The main message: Spring of 2018 brought the highest runoff event in 7 years to the upper Henry’s Fork watershed! Our network of water quality monitors showed that these flows were strong enough to provide a major springtime sediment flush--a natural rhythm of our local hydrology that provides significant benefit to trout and aquatic insect habitat. These favorably high natural flows came in two periods during April and May of this year.
May 22-24 precipitation totals were over 1 inch at most locations; water-year precipitation jumped from 105% of average to 109%.
Snowmelt continues at average rates, and SWE remains at 102% of average.
Watershed-total natural flow has increased to its highest level so far this year and higher than last year’s peak.
Inflow to Island Park Reservoir is around 1,600 cfs, and outflow is currently just a hair over inflow, allowing the reservoir to drop very slowly. Current reservoir content is a little higher than full pool.
In 2005, when I was a professor at Idaho State University, the Henry's Fork Foundation Board of Directors asked me to present an overview of hydrology and water management in the upper Snake River basin. Since then, the hydrology and water-management short course has taken on a life of its own, and I give this presentation in some form or another a few times each year. Every time I give the presentation, I update it with new information, particularly as related to climate change and the rapidly changing work of water management and admininstration.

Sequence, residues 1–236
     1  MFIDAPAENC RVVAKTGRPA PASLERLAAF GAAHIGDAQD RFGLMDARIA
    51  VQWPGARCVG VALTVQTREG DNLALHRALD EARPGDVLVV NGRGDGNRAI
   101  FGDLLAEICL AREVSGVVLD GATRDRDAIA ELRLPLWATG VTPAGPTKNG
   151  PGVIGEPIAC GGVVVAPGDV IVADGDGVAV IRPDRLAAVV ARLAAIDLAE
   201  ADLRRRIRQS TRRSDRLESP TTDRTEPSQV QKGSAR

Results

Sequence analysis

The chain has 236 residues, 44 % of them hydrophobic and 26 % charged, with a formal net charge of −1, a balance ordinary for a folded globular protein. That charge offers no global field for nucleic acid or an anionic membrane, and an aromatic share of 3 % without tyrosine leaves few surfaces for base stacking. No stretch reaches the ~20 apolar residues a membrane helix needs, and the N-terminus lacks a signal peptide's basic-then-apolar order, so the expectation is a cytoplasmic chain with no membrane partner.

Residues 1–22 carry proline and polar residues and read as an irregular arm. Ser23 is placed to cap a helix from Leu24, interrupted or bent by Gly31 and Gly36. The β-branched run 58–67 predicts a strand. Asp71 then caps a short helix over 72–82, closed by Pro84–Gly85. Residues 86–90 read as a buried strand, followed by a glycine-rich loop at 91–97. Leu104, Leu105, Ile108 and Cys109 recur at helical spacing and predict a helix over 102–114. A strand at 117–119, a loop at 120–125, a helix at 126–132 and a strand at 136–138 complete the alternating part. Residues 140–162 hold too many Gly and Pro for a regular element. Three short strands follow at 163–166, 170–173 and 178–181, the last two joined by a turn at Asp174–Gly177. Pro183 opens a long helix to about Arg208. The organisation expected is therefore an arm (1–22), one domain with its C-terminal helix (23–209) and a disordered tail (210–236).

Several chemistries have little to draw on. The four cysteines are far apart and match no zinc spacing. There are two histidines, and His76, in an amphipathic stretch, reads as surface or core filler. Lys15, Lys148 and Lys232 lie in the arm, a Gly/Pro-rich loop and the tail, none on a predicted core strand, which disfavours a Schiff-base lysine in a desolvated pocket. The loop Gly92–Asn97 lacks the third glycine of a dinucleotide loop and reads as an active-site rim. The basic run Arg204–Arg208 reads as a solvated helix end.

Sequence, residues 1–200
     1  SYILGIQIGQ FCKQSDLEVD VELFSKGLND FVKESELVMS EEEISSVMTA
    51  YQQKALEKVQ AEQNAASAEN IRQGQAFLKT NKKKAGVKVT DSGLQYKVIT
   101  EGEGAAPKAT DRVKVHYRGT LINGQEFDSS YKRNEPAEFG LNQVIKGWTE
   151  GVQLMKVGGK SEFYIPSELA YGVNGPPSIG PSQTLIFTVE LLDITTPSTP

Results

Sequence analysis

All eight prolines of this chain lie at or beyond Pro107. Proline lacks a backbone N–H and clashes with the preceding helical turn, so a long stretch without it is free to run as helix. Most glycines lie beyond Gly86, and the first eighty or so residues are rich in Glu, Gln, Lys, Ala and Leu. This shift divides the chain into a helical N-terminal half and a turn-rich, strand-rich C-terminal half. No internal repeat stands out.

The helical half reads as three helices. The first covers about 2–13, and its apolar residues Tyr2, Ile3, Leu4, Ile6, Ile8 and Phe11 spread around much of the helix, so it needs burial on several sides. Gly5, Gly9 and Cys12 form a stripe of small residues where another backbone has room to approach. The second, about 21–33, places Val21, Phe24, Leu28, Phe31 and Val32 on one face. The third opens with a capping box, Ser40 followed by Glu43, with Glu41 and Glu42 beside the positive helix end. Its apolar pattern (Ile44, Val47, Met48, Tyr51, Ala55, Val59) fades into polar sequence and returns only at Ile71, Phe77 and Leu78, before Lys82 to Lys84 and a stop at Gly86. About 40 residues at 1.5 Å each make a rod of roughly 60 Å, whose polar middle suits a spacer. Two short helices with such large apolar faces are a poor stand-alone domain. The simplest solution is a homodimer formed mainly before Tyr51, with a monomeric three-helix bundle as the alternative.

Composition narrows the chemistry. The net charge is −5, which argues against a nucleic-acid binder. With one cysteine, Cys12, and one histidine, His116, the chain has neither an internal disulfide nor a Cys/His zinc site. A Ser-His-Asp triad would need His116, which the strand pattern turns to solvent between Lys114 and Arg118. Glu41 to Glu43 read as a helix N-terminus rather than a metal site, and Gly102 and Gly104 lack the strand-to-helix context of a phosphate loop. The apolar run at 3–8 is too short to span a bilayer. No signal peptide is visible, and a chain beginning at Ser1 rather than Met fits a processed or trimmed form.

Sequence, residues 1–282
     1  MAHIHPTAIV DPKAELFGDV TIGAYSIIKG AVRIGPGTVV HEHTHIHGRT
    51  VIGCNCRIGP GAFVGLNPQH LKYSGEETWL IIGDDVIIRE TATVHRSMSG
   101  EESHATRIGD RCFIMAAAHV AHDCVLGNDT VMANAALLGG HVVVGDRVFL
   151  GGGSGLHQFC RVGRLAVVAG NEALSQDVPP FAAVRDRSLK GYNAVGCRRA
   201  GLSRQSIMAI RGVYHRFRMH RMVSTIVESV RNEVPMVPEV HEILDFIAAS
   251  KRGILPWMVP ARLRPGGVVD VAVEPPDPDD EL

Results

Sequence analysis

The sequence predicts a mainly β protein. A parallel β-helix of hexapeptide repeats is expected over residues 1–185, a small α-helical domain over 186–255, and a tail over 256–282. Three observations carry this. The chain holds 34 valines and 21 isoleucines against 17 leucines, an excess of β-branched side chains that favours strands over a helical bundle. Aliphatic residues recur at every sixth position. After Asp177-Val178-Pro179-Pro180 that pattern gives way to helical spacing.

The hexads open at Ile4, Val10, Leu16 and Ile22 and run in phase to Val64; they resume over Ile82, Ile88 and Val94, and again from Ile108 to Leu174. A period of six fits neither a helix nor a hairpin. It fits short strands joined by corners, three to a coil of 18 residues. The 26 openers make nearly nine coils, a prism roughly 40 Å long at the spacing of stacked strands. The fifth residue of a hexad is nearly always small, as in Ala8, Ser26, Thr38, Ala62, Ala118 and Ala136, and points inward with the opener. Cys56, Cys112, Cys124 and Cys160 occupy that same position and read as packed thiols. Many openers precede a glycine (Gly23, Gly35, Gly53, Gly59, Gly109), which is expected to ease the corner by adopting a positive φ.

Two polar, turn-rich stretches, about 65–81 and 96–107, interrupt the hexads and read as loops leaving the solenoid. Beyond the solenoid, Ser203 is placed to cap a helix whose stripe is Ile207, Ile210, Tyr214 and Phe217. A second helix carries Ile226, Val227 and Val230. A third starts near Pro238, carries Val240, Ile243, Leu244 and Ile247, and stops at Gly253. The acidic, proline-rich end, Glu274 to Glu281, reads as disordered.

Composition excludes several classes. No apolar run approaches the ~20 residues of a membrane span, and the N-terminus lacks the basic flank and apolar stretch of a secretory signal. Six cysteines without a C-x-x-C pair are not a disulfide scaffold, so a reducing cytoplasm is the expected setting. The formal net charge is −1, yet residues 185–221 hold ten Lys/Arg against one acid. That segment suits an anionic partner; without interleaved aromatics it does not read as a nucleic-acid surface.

Cool, wet weather from mid-February to mid-April turned an average water supply into one that is decidedly above average.
As of May 9, the Henry’s Fork reservoir system is 94% full and filling rapidly.
Based on early-April conditions, summertime water supply in the Henry’s Fork watershed is forecast to be above average.
More storage water will be delivered from Island Park Reservoir this summer than in 2017, but higher inflows will compensate, resulting in a very high probability of better-than-average carryover at the end of the irrigation season.
Despite a forecast for conditions that could have resulted in large loss of snowpack yesterday, atmospheric conditions lined up just right to not only avoid the loss but actually gain a very large amount of snow-water-equivalent (SWE). Read on for the details, as well as for an example from the spring of 2010 that illustrates a very large rain-on-snow event.